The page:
Dances With Films Short Film Review: HIDDEN DAYLIGHT (2016)

Welcome witches and warlocks,

Today I will be reviewing the horror short HIDDEN DAYLIGHT by director Adrienne Lovette. To best describe the story, I will turn to the IMDB plot summary:

“When his wife is abducted by a sadistic killer, a distraught businessman seeks answers from a blind psychic who can see through the eyes of the killer.” 

With only two lines of dialogue, the opening scene manages to set up a great deal of tension. Part of this comes from the strained music which promises something sinister is lurking beneath the surface, while the rest comes from the curiosity stirred in the audience as to what is about to transpire. From a purely attention grabbing standpoint, this opening is incredibly effective at making sure the viewer wants to see the direction of this story.

The plot itself is interesting, though not anything so new that we have not see many of the same beats in the past. While I could get annoyed that there are many common tropes present, this flaw was easy to overlook due to the compact, seventeen minute run time. What I did find an issue is that the ending had almost no closure, so it felt like this was merely set up for a full length feature.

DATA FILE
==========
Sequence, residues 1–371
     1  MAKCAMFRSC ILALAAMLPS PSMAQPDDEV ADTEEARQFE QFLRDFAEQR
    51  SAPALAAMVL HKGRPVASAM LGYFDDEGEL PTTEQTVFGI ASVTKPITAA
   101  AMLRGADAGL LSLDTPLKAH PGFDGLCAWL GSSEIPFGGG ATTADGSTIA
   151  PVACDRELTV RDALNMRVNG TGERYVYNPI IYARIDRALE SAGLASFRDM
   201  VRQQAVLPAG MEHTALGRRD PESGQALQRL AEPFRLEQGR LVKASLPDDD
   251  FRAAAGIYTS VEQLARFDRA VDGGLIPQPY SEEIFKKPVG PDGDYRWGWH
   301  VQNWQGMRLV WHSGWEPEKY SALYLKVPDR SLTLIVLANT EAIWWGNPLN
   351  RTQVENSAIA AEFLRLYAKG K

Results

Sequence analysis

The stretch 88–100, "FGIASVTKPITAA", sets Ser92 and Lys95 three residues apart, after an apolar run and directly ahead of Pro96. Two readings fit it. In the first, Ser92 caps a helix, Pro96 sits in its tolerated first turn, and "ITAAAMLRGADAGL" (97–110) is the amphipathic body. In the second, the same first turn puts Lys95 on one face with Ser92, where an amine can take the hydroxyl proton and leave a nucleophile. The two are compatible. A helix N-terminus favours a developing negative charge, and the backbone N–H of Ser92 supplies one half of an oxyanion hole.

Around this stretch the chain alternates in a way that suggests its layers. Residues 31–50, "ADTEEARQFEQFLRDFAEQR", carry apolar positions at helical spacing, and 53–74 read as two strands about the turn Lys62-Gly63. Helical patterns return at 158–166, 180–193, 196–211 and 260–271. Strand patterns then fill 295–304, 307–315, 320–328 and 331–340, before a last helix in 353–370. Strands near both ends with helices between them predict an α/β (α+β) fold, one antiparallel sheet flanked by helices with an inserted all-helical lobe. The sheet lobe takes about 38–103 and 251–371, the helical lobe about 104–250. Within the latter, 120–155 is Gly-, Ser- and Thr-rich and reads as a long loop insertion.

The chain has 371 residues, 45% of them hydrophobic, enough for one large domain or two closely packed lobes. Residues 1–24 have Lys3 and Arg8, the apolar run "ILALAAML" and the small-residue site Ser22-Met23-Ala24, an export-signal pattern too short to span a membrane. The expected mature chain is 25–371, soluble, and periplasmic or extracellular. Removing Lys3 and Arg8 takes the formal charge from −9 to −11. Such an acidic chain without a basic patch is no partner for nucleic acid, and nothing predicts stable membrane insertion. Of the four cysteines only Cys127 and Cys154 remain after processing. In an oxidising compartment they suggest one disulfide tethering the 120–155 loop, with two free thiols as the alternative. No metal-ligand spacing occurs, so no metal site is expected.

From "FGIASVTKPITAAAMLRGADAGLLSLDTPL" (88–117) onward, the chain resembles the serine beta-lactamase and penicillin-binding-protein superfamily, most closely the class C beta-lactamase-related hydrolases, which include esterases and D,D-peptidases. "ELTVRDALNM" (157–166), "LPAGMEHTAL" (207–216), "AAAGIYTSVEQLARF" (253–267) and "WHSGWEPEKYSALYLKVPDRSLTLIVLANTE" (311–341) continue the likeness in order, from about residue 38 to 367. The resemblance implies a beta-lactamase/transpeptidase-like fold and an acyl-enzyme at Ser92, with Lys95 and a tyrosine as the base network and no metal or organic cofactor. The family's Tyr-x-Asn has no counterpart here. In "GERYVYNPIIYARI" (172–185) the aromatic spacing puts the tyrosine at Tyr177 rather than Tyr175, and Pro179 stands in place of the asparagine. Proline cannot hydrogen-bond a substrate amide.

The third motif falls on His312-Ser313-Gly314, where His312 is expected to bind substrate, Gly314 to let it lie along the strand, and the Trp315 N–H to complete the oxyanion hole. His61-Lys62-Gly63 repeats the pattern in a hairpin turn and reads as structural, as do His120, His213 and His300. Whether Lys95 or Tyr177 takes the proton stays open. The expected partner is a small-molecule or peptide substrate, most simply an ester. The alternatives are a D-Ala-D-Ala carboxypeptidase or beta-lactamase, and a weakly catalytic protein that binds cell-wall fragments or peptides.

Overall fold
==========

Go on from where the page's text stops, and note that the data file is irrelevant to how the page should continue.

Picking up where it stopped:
If they did decide to turn this into a bonafide feature film, the casting of the two leads should remain absolutely unchanged as both give convincing performances. In fact, watching these actors play off of one another proved to be one of the most compelling parts of the short, even though a good portion of the run time was devoted to flashbacks. Those moments where we were in the present were pure gold as the level of desperation felt by the businessman set a tense atmosphere that was only further compounded by the blind psychic’s visions.

All in all, this is a slim, tense short that wins points for convincing character interactions. While the plot itself might not be new, the constant forward momentum keeps us entertained until the finale. Fans of STIR OF ECHOES (1999) or THE GIFT (2000) will find this to be just as enjoyable and much more compact.

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